Heart Disease: Chocolate Tends To Reduce Risk Of Atrial Fibrillation
Eating a small piece of chocolate on a regular basis may reduce the risk of heart disease. This is according to a new study published by the Harvard researchers.
The delicious pieces of chocolates might be helpful in lowering the risk of atrial fibrillation. This is considered a condition linked to heart stroke or failure.
The new study shows that the adults who regularly eat two to six ounces of chocolate every week are 20 percent less likely to suffer from heart ailment or mainly atrial fibrillation. Previous studies on cardiovascular development had linked consumption of cocoa products like dark chocolate but those researches were not linked to atrial fibrillation (a condition that causes irregular heartbeat).
How Eating A Good Amount Of Chocolate Can Reduce Risk Of Heart Disease
According to CBS News, the researchers looked at the eating habit of chocolate of about 55,502 men and women ages 50 to 64 in Denmark. They found through their study that the participants who ate one to three ounces of chocolate a month lowered the risk of atrial fibrillation by 10 percent.
Whereas, eating chocolate two six ounces a week lowered the risk of heart disease by 20 percent. When researchers turned their attention to chocolate eating habits, they found that the reduction in the risk of heart disease as mentioned below:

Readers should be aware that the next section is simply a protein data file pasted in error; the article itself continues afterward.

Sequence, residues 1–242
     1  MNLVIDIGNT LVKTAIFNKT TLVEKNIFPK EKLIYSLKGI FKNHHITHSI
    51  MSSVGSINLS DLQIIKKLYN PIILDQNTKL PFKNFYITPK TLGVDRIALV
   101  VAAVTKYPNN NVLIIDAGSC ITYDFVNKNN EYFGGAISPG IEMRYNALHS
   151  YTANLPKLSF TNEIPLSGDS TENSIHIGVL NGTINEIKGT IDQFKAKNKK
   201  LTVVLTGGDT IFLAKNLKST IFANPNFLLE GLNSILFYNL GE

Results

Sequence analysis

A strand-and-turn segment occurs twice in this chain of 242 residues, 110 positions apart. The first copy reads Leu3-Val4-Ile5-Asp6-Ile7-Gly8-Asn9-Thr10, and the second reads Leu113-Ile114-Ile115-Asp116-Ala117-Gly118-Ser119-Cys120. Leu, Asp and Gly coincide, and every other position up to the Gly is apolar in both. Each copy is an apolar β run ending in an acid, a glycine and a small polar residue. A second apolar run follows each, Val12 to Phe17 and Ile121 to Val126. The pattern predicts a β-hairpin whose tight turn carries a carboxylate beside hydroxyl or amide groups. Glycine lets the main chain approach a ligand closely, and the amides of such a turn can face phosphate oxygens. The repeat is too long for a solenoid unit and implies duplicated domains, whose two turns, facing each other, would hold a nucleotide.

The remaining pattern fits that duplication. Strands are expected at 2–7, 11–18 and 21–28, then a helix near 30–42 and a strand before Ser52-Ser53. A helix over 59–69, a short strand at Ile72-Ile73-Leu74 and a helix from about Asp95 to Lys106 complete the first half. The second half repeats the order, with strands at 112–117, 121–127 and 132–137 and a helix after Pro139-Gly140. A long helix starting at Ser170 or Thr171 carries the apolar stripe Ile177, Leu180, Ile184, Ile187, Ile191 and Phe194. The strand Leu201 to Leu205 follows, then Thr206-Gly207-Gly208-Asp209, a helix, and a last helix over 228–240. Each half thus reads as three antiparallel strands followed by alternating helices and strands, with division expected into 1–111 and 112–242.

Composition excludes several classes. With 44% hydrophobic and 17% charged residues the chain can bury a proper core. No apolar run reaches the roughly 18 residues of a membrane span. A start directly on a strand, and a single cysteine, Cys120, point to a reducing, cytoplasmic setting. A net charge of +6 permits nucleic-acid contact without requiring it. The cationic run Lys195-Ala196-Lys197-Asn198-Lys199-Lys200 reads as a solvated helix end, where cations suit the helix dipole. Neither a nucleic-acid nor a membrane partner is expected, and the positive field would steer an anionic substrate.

• 10 percent lower for men and women who ate 1 to 3 ounces per month
• 17 percent lower for people who consumed 1 ounce per week
• 20 percent lower for people who consumed 2 to 6 ounces per week
• 16 percent lower for people who consumed one or more ounces per day
Chocolate Is A Healthy Diet, Says The Lead Author Of The Study
The Boston Globe revealed that the benefits of eating chocolate increased with greater consumption, irrespective of age and gender. “We’re seeing some real health benefits from eating cocoa. Obviously, eating too much poses other risks, but chocolate, in moderation, can be part of a healthy diet,” Elizabeth Mostofsky, epidemiology instructor at Harvard T.H. Chan School of Public Health and lead author of the study said.